Masi (Tamil Month) Month Festival
Every year on the full moon day of the month of Masi month, the Paliyar tribe gathers together on the beach of Mahabalipuram to cook supper, sing and enjoy all. After that in the morning after bathing in the sea they worship their deity Kanniyamma.
This festival is a very important part of their life. Irulars, who work as slaves in brick kilns and paddy fields, wait to celebrate this festival. It is a social collective movement. An immortal remnant of tribal heritage. It is customary to celebrate some festivals in the months of Adi and Chithrai.
No Irulars without a musical instrument
Irular people have various traditions like stories, folk songs, anecdotes, proverbs, and playing musical instruments. As the day passes, when they are done with their hard labour and after dinner, they play musical instruments and sing songs and dance. In this, they dance as a group without any discrimination against males, females, children, elders and young people.
The folk songs of the Irular are very distinctive. It is customary to sing songs according to various periods like birth, death, sadness, love, festival etc. As far as Irulars are concerned, song and story are inseparable. They used to play various types of leather instruments. Of these, Kadime, Berai, and Thambatta are the most important, and wind instruments such as Bugari, Nagasuram, and Kvalu are also commonly played.
Irulars, who live in the forest, get their food from the forest. They do not eat buffalo and cow meat. They eat goats, field mice, chickens, deer, pigs, rabbits, wild fowl, pigeons, and quails. In some other areas, the Irulars cultivate in a small area within their residential areas. They also eat Ragi, Cholam and tuber.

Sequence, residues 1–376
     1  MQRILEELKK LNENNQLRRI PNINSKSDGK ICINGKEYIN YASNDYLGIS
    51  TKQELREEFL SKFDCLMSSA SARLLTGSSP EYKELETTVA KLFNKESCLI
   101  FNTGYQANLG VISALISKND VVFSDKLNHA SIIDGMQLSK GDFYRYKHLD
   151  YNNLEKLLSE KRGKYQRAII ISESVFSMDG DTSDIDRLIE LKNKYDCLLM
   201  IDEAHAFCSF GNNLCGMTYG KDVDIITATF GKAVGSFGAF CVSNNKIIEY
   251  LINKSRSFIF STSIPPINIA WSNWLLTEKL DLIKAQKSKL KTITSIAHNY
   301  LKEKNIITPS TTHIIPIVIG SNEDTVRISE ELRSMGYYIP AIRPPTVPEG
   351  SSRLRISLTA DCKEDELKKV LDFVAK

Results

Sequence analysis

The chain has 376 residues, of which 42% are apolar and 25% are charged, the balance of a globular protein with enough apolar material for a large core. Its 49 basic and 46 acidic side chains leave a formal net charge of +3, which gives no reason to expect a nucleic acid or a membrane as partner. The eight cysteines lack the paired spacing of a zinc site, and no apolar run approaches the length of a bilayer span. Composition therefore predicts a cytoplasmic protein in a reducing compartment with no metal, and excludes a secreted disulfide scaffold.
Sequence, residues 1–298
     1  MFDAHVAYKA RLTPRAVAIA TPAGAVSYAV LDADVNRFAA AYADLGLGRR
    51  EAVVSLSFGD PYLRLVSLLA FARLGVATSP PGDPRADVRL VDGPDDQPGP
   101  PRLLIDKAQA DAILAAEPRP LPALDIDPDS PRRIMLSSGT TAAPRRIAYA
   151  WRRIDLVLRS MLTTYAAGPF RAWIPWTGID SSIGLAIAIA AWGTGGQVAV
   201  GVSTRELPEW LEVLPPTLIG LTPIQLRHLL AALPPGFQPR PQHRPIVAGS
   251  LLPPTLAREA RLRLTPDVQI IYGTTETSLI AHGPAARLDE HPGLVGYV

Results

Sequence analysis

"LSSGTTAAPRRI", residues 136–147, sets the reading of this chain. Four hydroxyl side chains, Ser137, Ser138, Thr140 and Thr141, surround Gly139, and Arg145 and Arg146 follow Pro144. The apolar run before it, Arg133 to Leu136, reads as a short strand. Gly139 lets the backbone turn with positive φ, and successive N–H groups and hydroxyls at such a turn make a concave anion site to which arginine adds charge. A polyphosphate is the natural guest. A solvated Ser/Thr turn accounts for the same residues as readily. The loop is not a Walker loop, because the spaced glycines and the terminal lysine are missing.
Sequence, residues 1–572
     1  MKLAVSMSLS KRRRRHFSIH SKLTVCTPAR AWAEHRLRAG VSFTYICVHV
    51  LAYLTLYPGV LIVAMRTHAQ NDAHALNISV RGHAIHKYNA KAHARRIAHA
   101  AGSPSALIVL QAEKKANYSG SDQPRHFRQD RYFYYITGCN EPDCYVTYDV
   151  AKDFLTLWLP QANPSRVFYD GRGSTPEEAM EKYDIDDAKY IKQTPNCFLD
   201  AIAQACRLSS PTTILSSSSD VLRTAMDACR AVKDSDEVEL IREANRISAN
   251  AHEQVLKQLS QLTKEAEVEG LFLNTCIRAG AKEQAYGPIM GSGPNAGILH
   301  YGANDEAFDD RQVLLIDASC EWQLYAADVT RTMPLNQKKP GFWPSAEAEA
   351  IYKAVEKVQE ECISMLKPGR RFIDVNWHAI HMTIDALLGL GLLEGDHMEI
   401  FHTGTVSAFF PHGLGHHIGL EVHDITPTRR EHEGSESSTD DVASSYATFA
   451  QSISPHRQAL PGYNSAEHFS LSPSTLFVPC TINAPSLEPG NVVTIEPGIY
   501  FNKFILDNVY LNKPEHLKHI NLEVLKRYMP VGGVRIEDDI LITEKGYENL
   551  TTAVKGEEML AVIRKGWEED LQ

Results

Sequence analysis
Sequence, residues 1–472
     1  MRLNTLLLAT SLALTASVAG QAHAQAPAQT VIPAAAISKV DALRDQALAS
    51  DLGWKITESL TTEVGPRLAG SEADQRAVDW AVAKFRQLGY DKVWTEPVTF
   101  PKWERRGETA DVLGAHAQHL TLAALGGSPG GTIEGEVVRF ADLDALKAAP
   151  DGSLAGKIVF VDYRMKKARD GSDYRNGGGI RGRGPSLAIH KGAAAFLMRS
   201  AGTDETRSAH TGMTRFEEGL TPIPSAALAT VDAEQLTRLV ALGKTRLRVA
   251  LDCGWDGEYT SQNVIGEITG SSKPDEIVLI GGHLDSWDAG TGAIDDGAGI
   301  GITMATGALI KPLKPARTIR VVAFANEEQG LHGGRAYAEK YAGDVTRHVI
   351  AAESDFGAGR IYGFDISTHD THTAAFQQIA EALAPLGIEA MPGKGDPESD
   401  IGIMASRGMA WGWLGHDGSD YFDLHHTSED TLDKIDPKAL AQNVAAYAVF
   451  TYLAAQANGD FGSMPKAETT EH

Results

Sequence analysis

Status of women
Women have the right to choose men for marriage. There is no habit of taking dowry. Those who wish to get married tell the elder called Kadu Bhusali or Kadu Pusari who performs all the rituals and conducts the marriage. He is also called Jatti. Women are given equal rights. Women also do work like collecting honey, picking herbs and digging tubers.
They were engaged in various traditional occupations like hunting, collecting honey, catching Eesal, collecting herbs, and catching snakes. In today's situation, most of the Irular people work as slaves in brick kilns and rice mills. They also work as labourers for nearby landowners during the harvest season. They also work as guards.
Modern governments began to crush the Irular people who lived with the forest as their heart and the mountain as their body. For most of the past centuries, they lived in the mountains and forests. The colonial regime chased the tribals from their original habitats, while the English looted the forest resources through various oppressive laws. Through this, the majority of tribes started migrating. And after India's independence, the Forest Protection Act of 1976 started driving them out of the forest, and little by little their culture and economy crumbled. Forest and mountain never starved them and after being driven from it they became miserable people.
We will see this in the next article from Criminal Inheritance Act to Welfare Commissions.
This article is created as a part of the Adivasi Awaaz project, with the support of Misereor and Prayog Samaj Sevi Sanstha.